Steven Pinker's list of the 58 most-abused English words and phrases

In his latest book, The Sense of Style, Harvard psychologist Steven Pinker sets out to create a new English stylebook that celebrates the language's fluidity while still striving for clarity — an anti-authoritarian, "evidence-based" manifesto for clear and vivid communications.

Pinker's book enumerates 58 commonly "misused" phrases — misused in the sense that the words are widely understood to mean something other than what the writer/speaker intends, though in many cases ("begs the question") I'd argue that the meaning has shifted for the majority of English speakers.

But there's no denying the smug satisfaction of reading through the list of 58 pitfalls and tallying up all the ones that you never get wrong! Below, some of the words that I find myself pausing before using because I'm sure I'm about to get it wrong:

• Begs the question means assumes what it should be proving and does not mean raises the question.

Correct: "When I asked the dealer why I should pay more for the German car, he said I would be getting 'German quality,' but that just begs the question."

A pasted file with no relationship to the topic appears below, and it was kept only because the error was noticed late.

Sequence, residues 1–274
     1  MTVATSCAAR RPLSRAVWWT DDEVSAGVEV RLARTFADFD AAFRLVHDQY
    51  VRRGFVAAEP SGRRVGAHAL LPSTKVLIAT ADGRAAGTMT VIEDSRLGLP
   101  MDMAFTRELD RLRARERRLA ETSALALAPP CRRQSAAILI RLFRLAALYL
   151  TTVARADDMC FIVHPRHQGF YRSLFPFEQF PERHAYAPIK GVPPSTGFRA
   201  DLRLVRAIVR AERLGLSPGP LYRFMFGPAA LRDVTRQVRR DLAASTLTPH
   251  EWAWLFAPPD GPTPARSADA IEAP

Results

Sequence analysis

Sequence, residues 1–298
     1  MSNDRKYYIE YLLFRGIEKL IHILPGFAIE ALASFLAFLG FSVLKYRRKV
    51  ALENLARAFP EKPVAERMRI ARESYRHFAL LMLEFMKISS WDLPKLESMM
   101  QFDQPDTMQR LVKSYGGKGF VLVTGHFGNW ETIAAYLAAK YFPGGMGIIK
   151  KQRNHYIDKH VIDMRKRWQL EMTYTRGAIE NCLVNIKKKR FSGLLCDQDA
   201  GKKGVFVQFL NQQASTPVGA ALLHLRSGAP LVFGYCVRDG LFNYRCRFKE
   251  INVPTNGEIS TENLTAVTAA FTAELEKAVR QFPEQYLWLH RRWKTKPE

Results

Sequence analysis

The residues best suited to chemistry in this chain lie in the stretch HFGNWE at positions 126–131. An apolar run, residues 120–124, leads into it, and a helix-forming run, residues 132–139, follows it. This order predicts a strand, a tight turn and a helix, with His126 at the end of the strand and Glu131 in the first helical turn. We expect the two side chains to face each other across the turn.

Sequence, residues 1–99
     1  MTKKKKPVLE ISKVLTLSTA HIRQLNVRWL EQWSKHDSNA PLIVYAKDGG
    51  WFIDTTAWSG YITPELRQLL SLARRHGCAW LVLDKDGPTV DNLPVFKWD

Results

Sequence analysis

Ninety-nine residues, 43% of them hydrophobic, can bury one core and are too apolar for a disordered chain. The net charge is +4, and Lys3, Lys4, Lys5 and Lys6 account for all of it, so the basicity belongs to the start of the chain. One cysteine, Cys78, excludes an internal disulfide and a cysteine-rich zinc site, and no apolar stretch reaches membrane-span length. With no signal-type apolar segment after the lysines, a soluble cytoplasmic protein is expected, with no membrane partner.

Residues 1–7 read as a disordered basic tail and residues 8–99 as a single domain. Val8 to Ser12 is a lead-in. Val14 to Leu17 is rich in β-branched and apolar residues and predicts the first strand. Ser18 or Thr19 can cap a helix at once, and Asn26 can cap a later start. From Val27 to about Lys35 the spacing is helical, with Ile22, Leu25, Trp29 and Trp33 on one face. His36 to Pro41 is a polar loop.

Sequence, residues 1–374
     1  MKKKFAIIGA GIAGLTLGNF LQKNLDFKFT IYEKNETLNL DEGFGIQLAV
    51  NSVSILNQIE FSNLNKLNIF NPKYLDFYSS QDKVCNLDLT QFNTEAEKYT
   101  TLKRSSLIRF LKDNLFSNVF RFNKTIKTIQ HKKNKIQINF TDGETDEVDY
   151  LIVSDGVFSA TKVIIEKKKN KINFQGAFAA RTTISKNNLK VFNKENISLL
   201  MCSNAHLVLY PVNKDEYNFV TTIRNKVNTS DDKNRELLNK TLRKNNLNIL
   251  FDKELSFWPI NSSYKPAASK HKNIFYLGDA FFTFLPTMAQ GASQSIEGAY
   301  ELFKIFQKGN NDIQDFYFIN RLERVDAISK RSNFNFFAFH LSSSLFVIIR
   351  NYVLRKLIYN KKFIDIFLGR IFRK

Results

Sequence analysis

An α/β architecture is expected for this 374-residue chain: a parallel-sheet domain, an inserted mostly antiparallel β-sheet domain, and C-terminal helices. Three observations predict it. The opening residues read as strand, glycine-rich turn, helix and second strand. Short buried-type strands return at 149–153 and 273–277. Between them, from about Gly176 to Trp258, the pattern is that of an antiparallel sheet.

• Dichotomy means two mutually exclusive alternatives and does not mean difference or discrepancy.

Correct: There is a dichotomy between even and odd numbers. / There is a discrepancy between what we see and what is really there.

• Fortuitous means coincidental or unplanned and does not mean fortunate.

Correct: Running into my old friend was fortuitous. / It was fortunate that I had a good amount of savings after losing my job.

• Fulsome means unctuous or excessively or insincerely complimentary and does not mean full or copious.

Correct: She didn't believe his fulsome love letter. / The bass guitar had a full sound.

• Meretricious means tawdry or offensively insincere and does not mean meritorious.

Correct: We rolled our eyes at the meretricious speech. / The city applauded the meritorious mayor.

• Nonplussed means stunned, bewildered and does not mean bored, unimpressed.

Correct: "The market crash left the experts nonplussed." / "His market pitch left the investors unimpressed."

• Proscribe means to condemn, to forbid and does not mean to prescribe, to recommend, to direct.

Correct: The policy proscribed employees from drinking at work. / The doctor prescribed an antibiotic.

• An effect means an influence; to effect means to put into effect; to affect means either to influence or to fake.

Correct: They had a big effect on my style. / The law effected changes at the school. / They affected my style. / He affected an air of sophistication to impress her parents.

The Sense of Style: The Thinking Person's Guide to Writing in the 21st Century [Steven Pinker/Viking]

The 58 most commonly misused words and phrases
[Richard Feloni/Business Insider]

(via Kottke)

(Image: Steven Pinker at the Göttinger Literaturherbst, G ambrus, CC-BY)